The Richardson order says that the state employee and his or her domestic partner must sign legal affidavits stating that they have a domestic partnership and must be in a mutually exclusive, committed relationship, according to a report from Washington-based legal publisher BNA. According to the order, the employee and partner also must share responsibility for each other’s welfare and financial obligations and share the same primary residence for 12 or more consecutive months.
The controversial issue of giving benefits to domestic partners of employees is increasingly popping up around the country at both the state and federal levels:
- US Senator Joe Lieberman (D-Connecticut), a presidential hopeful, promised in late March that he would reintroduce a Senate bill granting the same benefits to domestic partners of federal workers as spouses currently receive.The legislation would give domestic partners life and health insurance, retirement pay, and compensation for on-the-job injuries. Domestic partners could be gay or straight, as long as they file an affidavit saying they are living together in a committed, intimate relationship, but are not married (See Lieberman Vows Federal Domestic Partner Benefits Bill).
- A similar effort to extend benefits to employees’ domestic partners failed in Montana February 26 when lawmakers there tabled such a benefits proposal. C ritics were quick to object to the notion, saying it would escalate insurance rates, degrade the sanctity of marriage, and give special treatment to gays and lesbians (See Montana Domestic Partner Benefit Bill Tabled).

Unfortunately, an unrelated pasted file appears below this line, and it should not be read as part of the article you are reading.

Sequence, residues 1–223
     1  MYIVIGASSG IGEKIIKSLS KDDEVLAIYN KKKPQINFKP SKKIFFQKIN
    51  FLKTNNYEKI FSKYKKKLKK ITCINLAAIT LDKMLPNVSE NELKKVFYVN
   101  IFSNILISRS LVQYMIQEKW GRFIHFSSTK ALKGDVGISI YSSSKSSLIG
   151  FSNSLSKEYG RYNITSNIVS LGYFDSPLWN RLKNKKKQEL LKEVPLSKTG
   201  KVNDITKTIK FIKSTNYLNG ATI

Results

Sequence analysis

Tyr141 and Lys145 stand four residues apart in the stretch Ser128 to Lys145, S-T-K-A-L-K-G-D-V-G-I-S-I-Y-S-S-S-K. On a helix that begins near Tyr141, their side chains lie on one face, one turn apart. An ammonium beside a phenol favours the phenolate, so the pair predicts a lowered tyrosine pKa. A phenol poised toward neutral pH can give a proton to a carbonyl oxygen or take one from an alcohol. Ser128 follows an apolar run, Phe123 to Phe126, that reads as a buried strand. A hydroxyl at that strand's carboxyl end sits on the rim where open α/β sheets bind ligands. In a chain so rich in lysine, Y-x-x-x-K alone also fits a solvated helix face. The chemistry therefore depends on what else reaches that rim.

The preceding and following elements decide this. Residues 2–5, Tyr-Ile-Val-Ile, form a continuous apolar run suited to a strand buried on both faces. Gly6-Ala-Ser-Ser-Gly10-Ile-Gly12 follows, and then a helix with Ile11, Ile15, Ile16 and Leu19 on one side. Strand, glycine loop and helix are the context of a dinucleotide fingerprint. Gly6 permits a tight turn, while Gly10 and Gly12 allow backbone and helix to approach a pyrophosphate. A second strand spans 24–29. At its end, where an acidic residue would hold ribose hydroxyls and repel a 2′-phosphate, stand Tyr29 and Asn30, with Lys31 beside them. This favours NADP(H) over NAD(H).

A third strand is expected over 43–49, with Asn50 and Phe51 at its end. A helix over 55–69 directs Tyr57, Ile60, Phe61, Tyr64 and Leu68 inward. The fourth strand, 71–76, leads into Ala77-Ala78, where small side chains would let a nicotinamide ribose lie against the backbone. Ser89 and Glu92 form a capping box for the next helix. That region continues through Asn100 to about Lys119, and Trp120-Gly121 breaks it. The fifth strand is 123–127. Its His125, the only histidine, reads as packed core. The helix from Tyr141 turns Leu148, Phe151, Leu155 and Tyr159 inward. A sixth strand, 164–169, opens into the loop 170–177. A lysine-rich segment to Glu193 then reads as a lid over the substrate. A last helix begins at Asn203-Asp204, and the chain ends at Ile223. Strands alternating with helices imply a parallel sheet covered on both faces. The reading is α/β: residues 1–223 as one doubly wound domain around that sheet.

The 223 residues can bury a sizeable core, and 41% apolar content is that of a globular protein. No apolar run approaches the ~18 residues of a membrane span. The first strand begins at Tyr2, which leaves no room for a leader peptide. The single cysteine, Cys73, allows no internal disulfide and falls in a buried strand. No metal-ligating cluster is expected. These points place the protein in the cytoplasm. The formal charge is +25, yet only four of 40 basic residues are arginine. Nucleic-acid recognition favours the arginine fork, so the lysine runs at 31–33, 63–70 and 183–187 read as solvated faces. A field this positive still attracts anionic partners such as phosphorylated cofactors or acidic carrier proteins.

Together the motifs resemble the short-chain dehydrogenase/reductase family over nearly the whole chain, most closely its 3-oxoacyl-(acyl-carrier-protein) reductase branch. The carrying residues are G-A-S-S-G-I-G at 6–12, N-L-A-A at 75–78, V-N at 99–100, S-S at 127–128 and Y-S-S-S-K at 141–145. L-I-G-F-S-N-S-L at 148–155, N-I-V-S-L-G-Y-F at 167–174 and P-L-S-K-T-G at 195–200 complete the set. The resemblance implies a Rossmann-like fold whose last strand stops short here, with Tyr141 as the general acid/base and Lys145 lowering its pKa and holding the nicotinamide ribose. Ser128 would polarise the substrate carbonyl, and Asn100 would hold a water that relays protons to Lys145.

- A domestic partner benefits provision likewise failed in Minnesota earlier this month when it was stripped out of a bill approving state labor contracts during tough last-minute negotiations between lawmakers and Governor Tim Pawlenty. Debate on the issue turned rancorous with state Senator Michele Bachmann raising concerns that the costs of those benefits would be prohibitive because “the homosexual lifestyle makes them more likely to be disproportionate consumers of health-care services” (See Minnesota Governor to Sign Labor Bill Minus Domestic Partner Benefits).
- Port of Seattle commissioners voted down a proposal April 9 requiring contractors doing business with the port to provide domestic partner benefits.The vote, 3-1 against the proposal, came just one month after commissioner Lawrence Molloy asked the port to consider adopting the same policy as the city of Seattle, which has required equal benefits from contractors since 1999 (See Seattle Port Denies Domestic Partner Benefits Proposal ).
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